[2] Both Phillip Johnson and appellant's wife testified at trial. Each corroborated portions of appellant's testimony.

[3] In Henry, the defendant was charged with possession of a narcotic drug. During cross-examination, the prosecutor asked Henry if he had supplied cocaine to the complainant, and Henry answered no. The prosecutor then impeached him with a prior conviction for possession of cocaine with intent to distribute. The circuit court held that "the sequence of questions invited the jury to consider the prior convictions as more than evidence relating to the defendant's credibility." Id. 174 U.S.App. D.C. at 94, 528 F.2d at 667. Even though the trial court had given cautioning instructions, the court held that the risk of prejudice mandated reversal of the convictions. Id. at 95, 528 F.2d at 668.

[4] In Carter, the defendant was charged with robbery. On direct examination, Carter denied the charge. The prosecutor on cross-examination, asked Carter if he had robbed the complainant. When he answered that he would not rob someone, the prosecutor immediately impeached him with prior robbery convictions. The trial court gave two limiting instructions; nevertheless, the circuit court held that the prosecutor's cross-examination constituted reversible error, United States v. Carter, supra 157 U.S.App.D.C. at 151, 482 F.2d at 740, and that the limiting instructions did not cure the prejudicial impact of the questions. Id. at 151-52, 482 F.2d at 740-41.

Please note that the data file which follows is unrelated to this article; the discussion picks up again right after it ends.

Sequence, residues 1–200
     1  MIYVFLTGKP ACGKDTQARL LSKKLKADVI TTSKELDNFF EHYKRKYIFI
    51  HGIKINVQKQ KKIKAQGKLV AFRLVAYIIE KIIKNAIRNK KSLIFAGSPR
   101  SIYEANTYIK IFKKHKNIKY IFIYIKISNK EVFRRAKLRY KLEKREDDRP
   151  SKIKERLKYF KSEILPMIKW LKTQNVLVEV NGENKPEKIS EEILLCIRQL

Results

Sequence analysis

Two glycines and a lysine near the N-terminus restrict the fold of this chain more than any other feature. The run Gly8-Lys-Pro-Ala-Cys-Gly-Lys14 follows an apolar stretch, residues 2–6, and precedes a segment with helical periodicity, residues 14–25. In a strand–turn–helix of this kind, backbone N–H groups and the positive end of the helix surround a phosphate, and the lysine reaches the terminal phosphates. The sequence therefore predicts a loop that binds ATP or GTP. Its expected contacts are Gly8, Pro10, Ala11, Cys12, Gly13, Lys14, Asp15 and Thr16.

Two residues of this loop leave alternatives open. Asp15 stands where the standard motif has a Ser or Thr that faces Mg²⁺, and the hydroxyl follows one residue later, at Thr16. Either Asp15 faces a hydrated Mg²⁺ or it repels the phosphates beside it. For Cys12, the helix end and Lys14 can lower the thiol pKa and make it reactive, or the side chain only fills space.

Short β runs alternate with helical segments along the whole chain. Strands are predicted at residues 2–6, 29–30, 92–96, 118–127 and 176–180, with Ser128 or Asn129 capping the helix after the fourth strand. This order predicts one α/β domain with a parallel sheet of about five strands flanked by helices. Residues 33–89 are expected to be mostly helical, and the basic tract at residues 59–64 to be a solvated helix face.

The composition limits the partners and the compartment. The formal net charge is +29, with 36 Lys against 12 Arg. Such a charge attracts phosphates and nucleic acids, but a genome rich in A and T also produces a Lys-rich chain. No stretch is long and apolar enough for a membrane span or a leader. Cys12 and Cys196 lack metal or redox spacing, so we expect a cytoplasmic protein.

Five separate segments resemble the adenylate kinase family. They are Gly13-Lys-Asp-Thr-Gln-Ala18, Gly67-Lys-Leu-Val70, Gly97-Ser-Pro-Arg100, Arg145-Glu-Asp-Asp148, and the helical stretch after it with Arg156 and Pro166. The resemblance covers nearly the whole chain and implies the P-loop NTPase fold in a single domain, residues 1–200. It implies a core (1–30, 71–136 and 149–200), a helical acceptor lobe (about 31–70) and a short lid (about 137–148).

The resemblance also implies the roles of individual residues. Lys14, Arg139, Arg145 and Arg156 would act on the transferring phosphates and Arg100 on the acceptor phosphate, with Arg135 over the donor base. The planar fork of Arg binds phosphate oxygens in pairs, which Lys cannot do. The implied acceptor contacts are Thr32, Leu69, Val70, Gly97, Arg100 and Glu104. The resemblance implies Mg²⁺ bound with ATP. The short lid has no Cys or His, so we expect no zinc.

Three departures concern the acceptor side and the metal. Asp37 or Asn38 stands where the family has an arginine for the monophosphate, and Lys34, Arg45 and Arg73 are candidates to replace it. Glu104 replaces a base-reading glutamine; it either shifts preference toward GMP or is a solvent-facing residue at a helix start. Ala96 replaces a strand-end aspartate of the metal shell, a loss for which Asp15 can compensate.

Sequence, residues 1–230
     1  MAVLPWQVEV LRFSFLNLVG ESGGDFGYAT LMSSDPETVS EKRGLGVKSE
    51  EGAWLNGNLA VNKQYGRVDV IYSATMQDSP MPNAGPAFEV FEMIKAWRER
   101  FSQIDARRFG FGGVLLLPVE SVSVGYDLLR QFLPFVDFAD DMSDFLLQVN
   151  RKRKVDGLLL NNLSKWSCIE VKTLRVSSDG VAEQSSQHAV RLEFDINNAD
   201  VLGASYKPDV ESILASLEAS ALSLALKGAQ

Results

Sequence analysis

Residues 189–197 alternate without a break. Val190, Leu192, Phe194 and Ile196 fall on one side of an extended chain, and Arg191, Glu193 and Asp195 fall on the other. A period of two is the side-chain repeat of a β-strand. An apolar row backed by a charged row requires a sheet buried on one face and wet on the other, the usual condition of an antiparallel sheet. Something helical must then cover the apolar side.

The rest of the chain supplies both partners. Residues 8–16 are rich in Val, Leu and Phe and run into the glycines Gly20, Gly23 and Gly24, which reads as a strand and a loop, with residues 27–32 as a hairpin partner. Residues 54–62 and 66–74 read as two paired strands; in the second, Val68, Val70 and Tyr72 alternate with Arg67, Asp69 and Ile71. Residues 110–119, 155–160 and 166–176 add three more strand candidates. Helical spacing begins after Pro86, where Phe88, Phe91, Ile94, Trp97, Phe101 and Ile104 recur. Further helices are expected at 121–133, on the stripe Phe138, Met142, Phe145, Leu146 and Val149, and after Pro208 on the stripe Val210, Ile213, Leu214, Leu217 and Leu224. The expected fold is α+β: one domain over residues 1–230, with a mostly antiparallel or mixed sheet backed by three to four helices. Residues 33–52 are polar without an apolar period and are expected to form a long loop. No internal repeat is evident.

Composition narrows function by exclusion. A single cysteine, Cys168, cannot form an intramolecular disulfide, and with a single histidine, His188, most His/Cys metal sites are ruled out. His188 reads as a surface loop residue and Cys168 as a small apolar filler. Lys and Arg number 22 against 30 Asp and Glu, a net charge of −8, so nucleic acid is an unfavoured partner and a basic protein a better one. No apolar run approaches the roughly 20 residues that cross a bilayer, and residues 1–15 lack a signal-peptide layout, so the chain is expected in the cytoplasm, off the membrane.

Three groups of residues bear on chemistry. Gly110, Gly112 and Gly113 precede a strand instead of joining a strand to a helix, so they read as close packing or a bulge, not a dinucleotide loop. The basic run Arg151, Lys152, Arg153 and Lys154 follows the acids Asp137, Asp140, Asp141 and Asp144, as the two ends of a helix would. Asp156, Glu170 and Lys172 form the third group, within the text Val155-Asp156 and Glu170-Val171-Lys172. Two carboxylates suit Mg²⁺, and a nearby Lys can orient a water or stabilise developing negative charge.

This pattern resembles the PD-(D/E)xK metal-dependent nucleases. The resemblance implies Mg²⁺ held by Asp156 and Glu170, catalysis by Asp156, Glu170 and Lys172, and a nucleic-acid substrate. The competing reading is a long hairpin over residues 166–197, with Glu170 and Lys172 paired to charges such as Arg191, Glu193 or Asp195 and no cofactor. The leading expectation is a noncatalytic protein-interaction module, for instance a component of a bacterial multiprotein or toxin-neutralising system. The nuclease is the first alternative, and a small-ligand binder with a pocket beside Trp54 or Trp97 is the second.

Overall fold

[5] The government made this same argument at the hearing on appellant's motion for mistrial. The trial court agreed with the government and denied the motion.

[6] As appellant correctly points out, there is no notation in the transcript of the prosecutor's pause before asking the impeaching question. The fact that he paused was brought out at the hearing on appellant's motion for mistrial. There is no way to know whether a similar pause occurred in Fields, nor would such knowledge change our result.

[7] We emphasize that the prosecutor's error here was not that he concluded his cross-examination of appellant with the impeaching question; rather, it is that he used the impeachment technique forbidden in Fields. The prosecutor asked, "You didn't try to rape her down there, is that right?" When appellant replied no, the prosecutor immediately impeached him with his prior armed rape conviction. It is this juxtaposition of questions which created the danger of prejudice and which mandates reversal in this case.

[8] Moreover, we note that, contrary to the government's contention, the trial court gave a complete cautionary instruction after appellant was impeached with the first conviction, and gave a modified instruction after the defendant was impeached a second time. See id. at 526-27.